Here are Dr. Smith's tips:
Examination of the patient with knee pain
- Gait: ask patient to walk across the room and back (look for flat feet, among other things)
- Alignment: look at legs standing (varus=bow-legged, valgus= knock-kneed)
- Range of motion: looking for difference in joint ROM compared to the OTHER knee
- Joint line tenderness
- Check hips (seated internal rotation-- this is to be sure you are not missing a primary hip problem)
Imaging for a patient with knee pain
- X-ray is the imaging modality of choice for osteoarthritis
- For knees, always get standing AP views of BOTH knees, lateral view of BOTH knees
- For hips, always get images of BOTH hips
- Remember, sometimes the xray may be incongruent with the patient's symptoms (e.g. both hips look severe, but patient only has pain on one side)
- If you look at the x-ray (ideally look at the image WITH the patient), you are looking to characterize mild-moderate arthritis (some joint space narrowing, small spurs) vs moderate-severe changes (bone on bone, bone sclerosis, sub-chondral cysts)
- Do NOT order an MRI before an xray because. . .guess what?
- If there is evidence of DJD on the xrays, you don't actually NEED an MRI!
- You have made the diagnosis and can start the treatment.
What about arthritis and meniscus tears?
- All knees with arthritis have meniscus tears
- The pain is almost always due to the arthritis, and arthroscopy (meniscectomy) doesn't help, with very rare exception
Treatment of knee and hip arthritis
- Don't forget to explain the diagnosis: "you have arthritis in the right knee""
- Make the distinction between mild-moderate and mod-severe "You have severe arthritis in your right knee"
- Dr. Smith recommends this analogy: The protective coating on the ends of the bones has worn away, like the tread on a tire. You are now on the steel belt (mild-mod arthritis) or the rim (mod-severe arthritis)
What can patients do?
- Relative rest/modified activity: many patients love to walk and run, but probably best to switch to swimming and/or stationary cycling (then they can keep up their aerobic exercise)
- OTC meds: NSAIDs (if not contraindicated, be sure to check labs, particularly for SCr), acetaminophen, glucosamine, fish oil, CBD. Avoid opiates.
- Physical therapy, (it's good idea to do some PT before knee or hip replacement, but remember Medicare only covers 18 visits/year, don't use them all up if a patient is going to get surgery)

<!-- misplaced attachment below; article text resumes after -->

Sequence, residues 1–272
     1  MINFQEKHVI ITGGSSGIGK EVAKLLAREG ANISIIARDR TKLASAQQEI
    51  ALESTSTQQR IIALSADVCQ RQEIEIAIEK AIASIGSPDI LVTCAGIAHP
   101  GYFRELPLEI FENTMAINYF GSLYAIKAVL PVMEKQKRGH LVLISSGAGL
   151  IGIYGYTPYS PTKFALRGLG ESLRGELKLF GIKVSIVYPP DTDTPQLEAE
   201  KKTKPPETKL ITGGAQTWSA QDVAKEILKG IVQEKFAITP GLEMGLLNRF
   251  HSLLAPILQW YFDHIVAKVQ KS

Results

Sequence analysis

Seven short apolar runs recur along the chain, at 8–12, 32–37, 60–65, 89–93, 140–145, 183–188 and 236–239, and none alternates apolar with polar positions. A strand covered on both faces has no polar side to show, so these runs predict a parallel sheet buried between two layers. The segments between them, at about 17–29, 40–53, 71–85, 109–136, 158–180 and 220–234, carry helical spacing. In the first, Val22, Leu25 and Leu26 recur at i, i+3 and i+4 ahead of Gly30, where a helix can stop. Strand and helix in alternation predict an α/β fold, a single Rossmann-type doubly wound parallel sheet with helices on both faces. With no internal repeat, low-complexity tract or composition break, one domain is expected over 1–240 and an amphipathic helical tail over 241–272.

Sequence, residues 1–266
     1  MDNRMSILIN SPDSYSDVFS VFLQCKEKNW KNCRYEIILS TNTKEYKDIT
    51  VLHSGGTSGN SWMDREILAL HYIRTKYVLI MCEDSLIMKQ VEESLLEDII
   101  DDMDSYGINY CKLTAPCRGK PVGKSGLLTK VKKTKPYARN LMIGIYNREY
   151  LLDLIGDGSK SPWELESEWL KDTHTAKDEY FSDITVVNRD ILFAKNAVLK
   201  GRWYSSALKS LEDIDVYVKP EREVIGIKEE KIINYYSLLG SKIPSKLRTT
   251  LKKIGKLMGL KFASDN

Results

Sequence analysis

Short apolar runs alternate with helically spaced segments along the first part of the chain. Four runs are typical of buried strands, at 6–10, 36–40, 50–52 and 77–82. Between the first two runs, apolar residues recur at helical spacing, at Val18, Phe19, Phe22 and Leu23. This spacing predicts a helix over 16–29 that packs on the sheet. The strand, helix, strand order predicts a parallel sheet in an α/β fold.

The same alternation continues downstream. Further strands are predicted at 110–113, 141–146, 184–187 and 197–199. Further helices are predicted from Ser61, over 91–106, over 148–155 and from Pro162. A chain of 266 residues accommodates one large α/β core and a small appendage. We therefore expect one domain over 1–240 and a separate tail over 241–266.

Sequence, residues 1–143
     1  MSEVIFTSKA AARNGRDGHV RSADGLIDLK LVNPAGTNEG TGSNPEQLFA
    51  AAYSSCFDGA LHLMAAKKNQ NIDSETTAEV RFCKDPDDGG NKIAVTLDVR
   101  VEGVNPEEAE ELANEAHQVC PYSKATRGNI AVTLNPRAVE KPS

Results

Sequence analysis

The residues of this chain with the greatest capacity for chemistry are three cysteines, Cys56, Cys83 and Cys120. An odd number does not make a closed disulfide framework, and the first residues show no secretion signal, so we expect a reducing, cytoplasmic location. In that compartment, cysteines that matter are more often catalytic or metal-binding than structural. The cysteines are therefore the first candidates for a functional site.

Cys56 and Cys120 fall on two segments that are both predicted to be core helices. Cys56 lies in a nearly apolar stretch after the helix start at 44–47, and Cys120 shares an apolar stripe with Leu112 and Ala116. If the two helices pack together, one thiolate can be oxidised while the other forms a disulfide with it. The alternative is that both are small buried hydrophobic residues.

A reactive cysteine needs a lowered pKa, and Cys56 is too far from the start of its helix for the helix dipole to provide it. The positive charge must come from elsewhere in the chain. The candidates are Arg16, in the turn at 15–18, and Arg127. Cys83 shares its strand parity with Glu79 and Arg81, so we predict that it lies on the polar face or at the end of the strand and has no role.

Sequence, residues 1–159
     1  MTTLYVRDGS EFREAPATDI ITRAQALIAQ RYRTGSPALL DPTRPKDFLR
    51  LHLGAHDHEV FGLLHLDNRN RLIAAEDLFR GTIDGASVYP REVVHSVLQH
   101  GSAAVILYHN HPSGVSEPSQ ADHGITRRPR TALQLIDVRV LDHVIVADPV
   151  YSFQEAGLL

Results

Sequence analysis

- Steroid injection: if the injection works and lasts a few months, okay to repeat (up to 4 times/year) for severe pain, but if only helps for a week, then probably not worth it
- hips done by radiology at the hospital
- Not great evidence for hyaluronic acide injections (costs $500-1000, usually cash)
- Knee bracing not indicated, some patients feel more comfortable/supported in a neoprene knee sleeve. This isn't helpful but if it makes them feel better is fine
When is a patient ready for surgery ?
- When they are ready.
- When you might consider them ready?
- If they are having sleep issues due to pain
- If they have significantly modified their activity and are missing out on things they would normally enjoy because of their pain
- There is no lower or upper limit of age for hip or knee replacements. It's really the severity of the arthritis and their degree of illness/wellness.
Surgical Preoperative Optimization
- Anemia, goal Hb>12 reduces transfusion risk (perioperative transfusions actually increase the risk of infection and LOS)
- Smoking, goal quit at least 6 weeks before surgery, including ALL nicotine products (nicotine affects wound healing and infection risk)
- Diabetes, goal <7.5 (infection risk)
- Obesity, goal BMI <30, most surgeons won't operate if BMI>40
- Malnutrition (albumin >3,5)
- And more!
- immune status, hypothyroid, low vitamin D, CV disease, ASA class, opiates, CKD, sleep apnea, psychiatric illness, social factors, deconditioning